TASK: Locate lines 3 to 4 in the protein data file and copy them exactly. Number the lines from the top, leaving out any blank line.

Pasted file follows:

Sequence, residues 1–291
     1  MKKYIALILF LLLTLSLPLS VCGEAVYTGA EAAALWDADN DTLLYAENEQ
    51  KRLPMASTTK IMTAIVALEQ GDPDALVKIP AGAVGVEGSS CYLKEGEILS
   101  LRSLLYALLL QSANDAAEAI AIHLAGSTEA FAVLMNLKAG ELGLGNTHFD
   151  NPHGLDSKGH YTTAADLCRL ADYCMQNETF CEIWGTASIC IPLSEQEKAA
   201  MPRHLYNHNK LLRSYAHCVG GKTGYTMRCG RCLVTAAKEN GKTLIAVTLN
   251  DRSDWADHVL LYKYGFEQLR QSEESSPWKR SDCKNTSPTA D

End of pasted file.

    51  KRLPMASTTK IMTAIVALEQ GDPDALVKIP AGAVGVEGSS CYLKEGEILS
   101  LRSLLYALLL QSANDAAEAI AIHLAGSTEA FAVLMNLKAG ELGLGNTHFD